KABUL (Reuters) - Afghanistan’s government released on Sunday the details of scores of mining and energy contracts, including a major Chinese deal, in an effort to counter rampant corruption and bribery of officials worrying resource investors and donors alike.
As the government finalizes new laws designed to attract more foreign mining investment, officials made public 210 previously awarded contracts, including one signed in 2011 with China National Petroleum Corp to develop three oil and gas blocks in the Amu Darya basin.
“For the first time in the history of the country, we have been able to publish the details of the awarded contracts on the website of the ministry of mines,” Mines Minister Wahidullah Shahrani told reporters in Kabul.
Shahrani told Reuters in an interview last month that contracts would be published on the mining ministry’s website, as well as newspapers, to safeguard delivery of $16 billion in aid promised by foreign donors over four years and tied to stronger anti-graft measures.
Chinese and Indian companies are already scrambling to access to Afghanistan’s estimated $1 trillion worth of untapped mineral wealth. The country has large deposits of gold, copper, iron ore and oil, as well as lithium and rare earths used in high-tech manufacturing.
Chinese firms are leading the race, with China Metallurgical Group (MCC) and Jiangxi Copper winning a 2007 deal to exploit the giant $3 billion Aynak copper mine southeast of the capital Kabul.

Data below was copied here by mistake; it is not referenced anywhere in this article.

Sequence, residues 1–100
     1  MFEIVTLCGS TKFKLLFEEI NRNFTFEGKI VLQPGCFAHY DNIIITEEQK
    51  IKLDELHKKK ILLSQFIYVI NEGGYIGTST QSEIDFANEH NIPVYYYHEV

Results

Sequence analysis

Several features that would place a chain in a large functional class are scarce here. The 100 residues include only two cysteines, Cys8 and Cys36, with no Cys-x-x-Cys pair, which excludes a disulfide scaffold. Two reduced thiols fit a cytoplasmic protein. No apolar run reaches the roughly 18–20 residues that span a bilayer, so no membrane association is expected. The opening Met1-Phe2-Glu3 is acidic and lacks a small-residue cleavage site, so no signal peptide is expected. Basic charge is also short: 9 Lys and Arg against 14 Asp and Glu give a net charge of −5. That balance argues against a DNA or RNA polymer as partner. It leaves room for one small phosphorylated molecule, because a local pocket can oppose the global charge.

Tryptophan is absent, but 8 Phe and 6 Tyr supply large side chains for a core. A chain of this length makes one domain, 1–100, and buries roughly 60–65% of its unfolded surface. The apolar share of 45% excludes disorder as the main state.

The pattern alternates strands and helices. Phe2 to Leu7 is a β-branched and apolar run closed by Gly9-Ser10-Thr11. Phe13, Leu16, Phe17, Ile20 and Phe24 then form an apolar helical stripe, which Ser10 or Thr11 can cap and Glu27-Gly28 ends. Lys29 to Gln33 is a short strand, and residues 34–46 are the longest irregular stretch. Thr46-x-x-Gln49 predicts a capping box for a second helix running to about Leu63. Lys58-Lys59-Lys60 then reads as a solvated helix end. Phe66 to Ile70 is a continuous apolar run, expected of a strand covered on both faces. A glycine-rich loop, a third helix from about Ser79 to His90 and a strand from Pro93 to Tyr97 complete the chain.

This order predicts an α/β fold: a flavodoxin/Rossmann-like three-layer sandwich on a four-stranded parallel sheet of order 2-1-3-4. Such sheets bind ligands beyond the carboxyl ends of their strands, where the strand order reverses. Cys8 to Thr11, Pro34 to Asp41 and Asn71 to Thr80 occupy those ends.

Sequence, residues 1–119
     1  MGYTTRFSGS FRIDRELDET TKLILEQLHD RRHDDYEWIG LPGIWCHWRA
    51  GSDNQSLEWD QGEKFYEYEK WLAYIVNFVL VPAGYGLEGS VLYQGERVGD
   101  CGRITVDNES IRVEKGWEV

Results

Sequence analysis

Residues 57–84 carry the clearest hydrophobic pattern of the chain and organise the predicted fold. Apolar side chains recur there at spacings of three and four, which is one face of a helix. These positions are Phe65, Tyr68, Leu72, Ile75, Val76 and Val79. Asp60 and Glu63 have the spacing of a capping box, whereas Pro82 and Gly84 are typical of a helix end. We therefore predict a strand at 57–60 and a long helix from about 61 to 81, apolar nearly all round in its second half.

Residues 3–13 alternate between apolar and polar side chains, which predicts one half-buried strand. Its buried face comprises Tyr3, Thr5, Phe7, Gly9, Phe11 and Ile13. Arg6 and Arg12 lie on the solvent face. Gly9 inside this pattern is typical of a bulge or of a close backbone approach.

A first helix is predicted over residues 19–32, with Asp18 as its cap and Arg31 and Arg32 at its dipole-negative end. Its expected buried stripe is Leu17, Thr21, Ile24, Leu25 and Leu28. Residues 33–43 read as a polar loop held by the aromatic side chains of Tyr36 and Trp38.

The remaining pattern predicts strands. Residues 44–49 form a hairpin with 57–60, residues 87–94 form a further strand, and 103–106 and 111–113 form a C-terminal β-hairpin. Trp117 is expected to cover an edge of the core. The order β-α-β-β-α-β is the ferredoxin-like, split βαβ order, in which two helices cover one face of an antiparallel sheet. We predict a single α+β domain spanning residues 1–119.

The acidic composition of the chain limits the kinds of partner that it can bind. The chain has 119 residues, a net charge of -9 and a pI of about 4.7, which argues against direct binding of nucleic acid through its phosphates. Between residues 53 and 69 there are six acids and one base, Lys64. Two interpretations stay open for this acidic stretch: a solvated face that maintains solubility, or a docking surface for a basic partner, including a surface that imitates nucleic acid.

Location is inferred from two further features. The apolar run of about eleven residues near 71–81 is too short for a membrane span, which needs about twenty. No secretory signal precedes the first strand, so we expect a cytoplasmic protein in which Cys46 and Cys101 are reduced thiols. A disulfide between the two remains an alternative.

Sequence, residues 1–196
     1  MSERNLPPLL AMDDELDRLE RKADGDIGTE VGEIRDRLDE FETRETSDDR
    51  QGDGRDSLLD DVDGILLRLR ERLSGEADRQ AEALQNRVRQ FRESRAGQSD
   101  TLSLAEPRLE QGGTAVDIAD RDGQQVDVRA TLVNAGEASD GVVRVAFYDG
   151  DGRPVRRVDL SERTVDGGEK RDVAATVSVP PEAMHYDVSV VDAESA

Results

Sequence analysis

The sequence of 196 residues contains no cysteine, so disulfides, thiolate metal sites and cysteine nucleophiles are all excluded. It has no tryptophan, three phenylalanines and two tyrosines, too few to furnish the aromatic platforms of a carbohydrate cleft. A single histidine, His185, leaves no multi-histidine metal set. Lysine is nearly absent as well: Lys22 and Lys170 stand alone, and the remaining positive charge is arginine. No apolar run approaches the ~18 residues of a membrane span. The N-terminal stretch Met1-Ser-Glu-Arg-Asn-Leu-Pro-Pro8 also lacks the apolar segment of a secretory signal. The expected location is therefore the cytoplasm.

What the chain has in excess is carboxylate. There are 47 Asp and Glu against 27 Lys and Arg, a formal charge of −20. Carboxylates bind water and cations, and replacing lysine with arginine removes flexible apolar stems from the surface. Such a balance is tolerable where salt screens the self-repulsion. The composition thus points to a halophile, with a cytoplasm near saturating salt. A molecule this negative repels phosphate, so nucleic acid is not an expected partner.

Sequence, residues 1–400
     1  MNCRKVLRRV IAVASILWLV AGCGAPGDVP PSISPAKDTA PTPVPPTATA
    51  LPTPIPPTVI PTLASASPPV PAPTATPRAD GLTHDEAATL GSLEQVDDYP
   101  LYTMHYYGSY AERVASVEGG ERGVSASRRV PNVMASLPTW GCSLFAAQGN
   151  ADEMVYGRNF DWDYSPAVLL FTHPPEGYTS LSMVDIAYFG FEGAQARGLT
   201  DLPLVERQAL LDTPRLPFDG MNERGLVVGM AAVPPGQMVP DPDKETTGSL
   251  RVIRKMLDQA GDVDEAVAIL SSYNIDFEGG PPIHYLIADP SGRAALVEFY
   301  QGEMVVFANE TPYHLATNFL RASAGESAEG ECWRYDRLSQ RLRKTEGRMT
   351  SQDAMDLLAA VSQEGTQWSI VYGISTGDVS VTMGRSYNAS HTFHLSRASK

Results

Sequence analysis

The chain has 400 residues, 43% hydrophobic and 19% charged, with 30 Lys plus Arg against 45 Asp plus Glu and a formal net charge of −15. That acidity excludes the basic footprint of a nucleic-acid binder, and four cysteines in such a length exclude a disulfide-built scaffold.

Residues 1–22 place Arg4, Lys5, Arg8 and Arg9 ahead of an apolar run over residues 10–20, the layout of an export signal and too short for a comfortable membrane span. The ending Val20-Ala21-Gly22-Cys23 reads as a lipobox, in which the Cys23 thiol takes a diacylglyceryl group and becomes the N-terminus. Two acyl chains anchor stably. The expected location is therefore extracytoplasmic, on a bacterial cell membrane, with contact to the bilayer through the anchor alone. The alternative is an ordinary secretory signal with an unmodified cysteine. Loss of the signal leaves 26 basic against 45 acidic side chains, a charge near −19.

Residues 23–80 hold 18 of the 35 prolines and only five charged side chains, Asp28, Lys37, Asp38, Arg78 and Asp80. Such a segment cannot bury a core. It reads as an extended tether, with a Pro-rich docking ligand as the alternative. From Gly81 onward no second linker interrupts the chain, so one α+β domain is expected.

The Amu Darya contract, covering an estimated 80 million barrels of oil, revealed that CNPC would allocate the first 15 percent of extracted hydrocarbons in any month to the government as royalties, and pay income tax of 30 percent.
The company would also be required to use Afghan labor and materials where possible, although CNPC could be free to import hundreds of Chinese or other foreign workers given the difficulty of finding skilled labor in Afghanistan.
“The contractor undertakes to give priority to Afghan nationals with equivalent qualifications and experience, and actively search for Afghan nationals in order to meet the training and employment obligations,” the contract said.
In making the contracts public, the government risks more public opposition to mining projects at a time when it is relying of resource income to replace diminishing development aid now accounting for 90 percent of the national budget.
Shahrani’s ministry will soon resubmit to President Hamid Karzai’s cabinet mining laws that Afghan officials and Western donors hope will persuade foreign firms to invest in the country’s resources, but which were rejected in July over concerns they were too generous to miners.
The new draft, backed by Western donors and the World Bank, would remove a 2009 clause separating exploration from an automatic license to exploit finds, a law which led miners to question why they were spending their money on expensive and risky exploration if they could not be assured of profiting.
Shahrani acknowledged that many contracts awarded in the past had been either technically or legally flawed, with some given to companies with no mining background or experience.
“An importer of oil and rice has been awarded a major contract,” Shahrani said. “We have opened a very important chapter to demonstrate the highest degree of transparency in managing our national resources.”
Both Chinese-operated sites at Amu Darya and Aynak have been delayed by attacks by Taliban insurgents aiming to destabilize government revenues and frighten off fresh investment ahead of a pullout by most NATO combat troops in 2014.
China recently agreed to train 300 Afghan police to safeguard Amu Darya, while staff at the $3 billion Aynak mine appear to have been spooked by Taliban attacks and have left the country, leaving only a skeleton team to guard equipment.
Editing by Jon Hemming